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What Is a Good Price-to-Earnings Ratio?

This week, the market spooked a bit following the potential rise of the Covid-19 Delta variant. In this post, we’ll quickly walk through short-term bond market behavior before diving more deeply into our main topic: understanding how to read a price-to-earnings ratio.

Starting with the technical side of things, you’ll notice the bond market showed a safety trade last week — likely from the Delta variant and expectations of a possible lockdown again. As a result, Treasury yields on the 10-year have gotten down to 1.13, which is very low.

Graphic of near-term relative strength.

This graph also reflects the scared, cyclical side of the equity market. You can see week after week, mid and small-cap values continue to move lower, while large-cap growth remains at the top.

In summary: after an initial drop in the market due to fear, we’re starting to see it rebound.

Price-to-Earnings Ratio

Now, on to our main topic for today: Understanding the price-to-earnings ratio. We’ll discuss what it is, why it’s valuable, and how to identify a fair price-to-earnings — or P/E — ratio. The P/E ratio is calculated by dividing the market value price per share by the company’s earnings per share.

Price-to-earnings ratio calculations.

Source: Investopedia

Since you’re dividing the price by earnings, the P/E ratio tells you exactly how many dollars you’re spending for each dollar of earning on the stock.

The main benefit of the price-to-earnings ratio is that it allows you to compare the prices of different stocks quickly and easily.

Now, let’s take this one step further. Research shows that stocks are worth the present value of the cash you could take out over the lifetime of the stock. So, just looking at the P/E ratio may not be enough. You also need to understand the stock’s cash flow behavior since, over the long-term, that’s what will drive stock performance. Finally, you must figure out a way to discount for the future value of those earnings.

How does that work? First, think of the valuation of cash flow for the S&P 500. When analysts calculate that valuation, they use both dividends and cash buybacks. So, you must project what both of those will be for your stocks to get your payout ratio. Then, you’ll divide that by your equity risk premium and a growth rate. How to Identify a Fair P/E Ratio

Let’s look at historical P/Es. In this chart, we see P/Es around the range of 16.5. Right now, we’re around 21.5. For reference, the average P/E for the S&P 500 has historically ranged from 13 to 15. To determine if a P/E ratio is fair, you should compare it to other stocks in the same industry, as well as relevant benchmarks.

Graph of S&P 500 valuation measures through 2021.

We hear all the time from clients, “I don’t want to invest when P/Es are above average.” But if you’re afraid of high P/Es, you would only have had two chances to invest in the last five years: when the Fed tightened in 2018 and during Covid when P/E had fallen entirely, and the world was ending. If you didn’t invest during those times, you would have missed out on 22% returns in 2017, 30% in 2019, and 18% in the last two years.

Not only is it a bad strategy to assume, “High P/Es man we have to sell,” it also overlooks that high P/E can be an indicator that the market is thinking there’s going to be substantial growth in earnings. So, the reason you’re paying a higher P/E could be that analysts simply aren’t as bullish as the market.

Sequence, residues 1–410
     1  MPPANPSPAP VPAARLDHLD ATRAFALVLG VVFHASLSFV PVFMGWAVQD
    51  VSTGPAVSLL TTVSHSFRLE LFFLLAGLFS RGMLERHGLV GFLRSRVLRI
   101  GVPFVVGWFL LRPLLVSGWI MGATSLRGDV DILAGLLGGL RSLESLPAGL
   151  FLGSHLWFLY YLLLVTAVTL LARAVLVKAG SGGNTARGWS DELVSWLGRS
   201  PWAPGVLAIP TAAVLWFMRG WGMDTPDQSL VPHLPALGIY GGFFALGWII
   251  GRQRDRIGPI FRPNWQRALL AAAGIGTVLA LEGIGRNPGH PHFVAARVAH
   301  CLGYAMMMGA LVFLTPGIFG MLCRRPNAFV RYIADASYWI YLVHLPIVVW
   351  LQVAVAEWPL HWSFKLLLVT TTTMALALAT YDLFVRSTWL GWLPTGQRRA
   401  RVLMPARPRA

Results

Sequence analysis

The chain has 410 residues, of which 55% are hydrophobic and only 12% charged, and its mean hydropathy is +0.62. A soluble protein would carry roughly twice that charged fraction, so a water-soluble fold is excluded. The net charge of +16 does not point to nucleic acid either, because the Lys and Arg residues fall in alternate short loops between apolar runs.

What This Means for 2021

If we’re trying to set a price target for the end of the year, we need to look at where earnings will be. Then, to use a forward multiple, we need to see where our earnings will be at the end of next year. So, we use a consensus estimate (meaning an average of all analysts’ projections). The end of the year is about $191 on the S&P 500 in earnings. Looking out to the end of 2022, we see about a 12% growth rate to get $214 in earnings. So, we get a price objective target by the end of the year of 4,600.

This was a base scenario; let’s consider a bull and bear. In a bull scenario, we might say earnings grow at 15%, and the market does want to pay a higher multiple. Now, we’re starting to see a price target of $5,000, a 15% upside of where we are. In a bear market, we might see earnings coming down to 8% and pay a lower multiple with a downside of 10%.

For a full deep dive into P/E and current market behavior, be sure to watch our recap video below and on our YouTube channel. Of course, your GWS team is always available for questions, too!

GWS What Is a Good Price to Earnings Ratio? YouTube Video


For detailed performance metrics, please don’t hesitate to contact your lead advisor. And, in the meantime, be sure to keep up to date on Gatewood Wealth Solutions through our daily 3x3s and our weekly market insights on our YouTube, LinkedIn, and Facebook accounts.


Economic forecasts set forth may not develop as predicted, and there can be no guarantee that strategies promoted will be successful. Therefore, the opinions voiced in this material are for general information only and are not intended to provide specific advice or recommendations for any individual.

All performance references are historical and are no guarantee of future results. In addition, all indices are unmanaged and may not be invested directly.

Securities and advisory services are offered through LPL Financial, a registered investment advisor, Member FINRA/SIPC. All investing involves risk, including possible loss of principal. No strategy assures success or protects against loss.

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